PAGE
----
Arrow-right Camera
The Spokesman-Review Newspaper
Spokane, Washington  Est. May 19, 1883

One worker dead, another trapped after coal plant collapses in Eastern Kentucky

By Christopher Leach Lexington Herald-Leader

LEXINGTON, Ky. – A worker was killed and another was presumed trapped Wednesday after a coal preparation plant in Eastern Kentucky collapsed, officials said.

The collapse happened around 6:30 p.m. Tuesday at Martin Mine Prep Plant in Martin County, according to Kentucky Emergency Management. The 11-story coal sorting structure, located in a sparsely populated area of steep hills, fell, leaving the two workers trapped underneath multiple floors of concrete and steel.

The workers were preparing the structure for demolition when it collapsed.

The Kentucky Energy and Environment Cabinet said the facility had been closed for years prior to Tuesday’s collapse.

The worker who did not survive had been trapped under a metal beam and died as first responders were attempting to extricate him.

Rescuers attempted to let the man speak to his wife over the phone but a lack of cell service – an issue further compounding rescue efforts, Kirk said – prevented it. Still, the worker and his wife were able to share messages with one another before he died, Kirk said.

Rescue operations were ongoing for the second worker.

Martin County Judge-Executive Lon Lafferty held a news conference Wednesday afternoon on the status of the operation. “The situation doesn’t look good,” he said, but officials are still searching with hopes the second worker is still alive.

“This remains as of this hour a rescue operation,” Lafferty said. “We haven’t given up hope on the second worker.”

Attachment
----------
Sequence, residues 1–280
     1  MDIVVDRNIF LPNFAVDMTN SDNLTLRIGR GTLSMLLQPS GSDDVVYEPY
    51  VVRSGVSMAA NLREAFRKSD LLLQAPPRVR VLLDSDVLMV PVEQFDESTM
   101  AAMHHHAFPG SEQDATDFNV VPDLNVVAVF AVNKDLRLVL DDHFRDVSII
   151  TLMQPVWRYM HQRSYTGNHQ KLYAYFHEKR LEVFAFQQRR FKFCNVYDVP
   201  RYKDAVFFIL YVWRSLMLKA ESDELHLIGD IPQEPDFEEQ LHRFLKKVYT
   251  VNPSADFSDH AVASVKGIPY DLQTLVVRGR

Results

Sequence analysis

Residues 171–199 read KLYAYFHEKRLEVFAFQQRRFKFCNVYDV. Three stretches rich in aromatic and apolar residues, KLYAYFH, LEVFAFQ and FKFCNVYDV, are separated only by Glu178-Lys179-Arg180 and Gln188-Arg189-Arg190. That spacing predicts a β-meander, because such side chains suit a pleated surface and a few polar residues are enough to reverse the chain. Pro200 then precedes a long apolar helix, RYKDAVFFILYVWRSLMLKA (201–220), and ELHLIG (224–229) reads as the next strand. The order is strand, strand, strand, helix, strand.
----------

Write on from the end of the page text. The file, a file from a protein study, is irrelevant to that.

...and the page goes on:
Next of kin for the workers have been on scene and notified of the updates, according to Lafferty. The workers are believed to be from Pike County.

Lafferty, who saw the collapsed building, described it as a “tremendous pile of rubble.”

“It’s horrific,” Lafferty said. “I remember being in New York after 9/11 and those images that you see there, it’s kind of what you see here.”

Jeremy Slinker, the state director of emergency management, said rescue operations were hazardous.

“The rescue attempts that are going on and went on last night, those rescuers’ lives are in danger as we speak. They’re going into a very unstable structure in efforts to save lives,” said Jeremy Slinker, state director of Kentucky Emergency Management.

The land where the incident happened was undergoing reclamation work, according to public records. Lexington Coal Company, LLC, had been given a permit for the reclamation work.

The Kentucky Division of Mine Reclamation and Enforcement has jurisdiction over mine reclamation activities, and the agency sent inspectors to the scene of the collapse Tuesday, according to the state Energy and Environment Cabinet.

The inspectors will examine the area to see if there was any environmental damage caused by the collapse. They had no further information to provide Wednesday morning.

The Occupational Safety and Health Administration will investigate the plant collapse, Kentucky State Police say.

State Trooper Michael Coleman told the Herald-Leader that KSP responded to the scene to help, but OSHA has since taken over the case.

Gov. Andy Beshear released a new statement on social media Wednesday morning telling the public the scene of the collapse was “bad.”

“Kentucky, keep praying – but the scene is bad and we should be prepared for tough news out of Martin County,” Beshear said.

Meanwhile, Buck Branch United Baptist Church, in the Wolf Creek community about 2 miles from the scene, served as a hub for people to bring food and other items for first responders and community members.

Lloyd Parsley, assistant pastor at the church, said nearly everyone in the community has been a coal miner or is close with one. They try to do everything they can to support each other through tragedies such as this one.

Parsley said it was upsetting that the plant workers showed up Tuesday thinking they’d work a normal shift and go home. “That’s how fast you can leave this old world,” he said.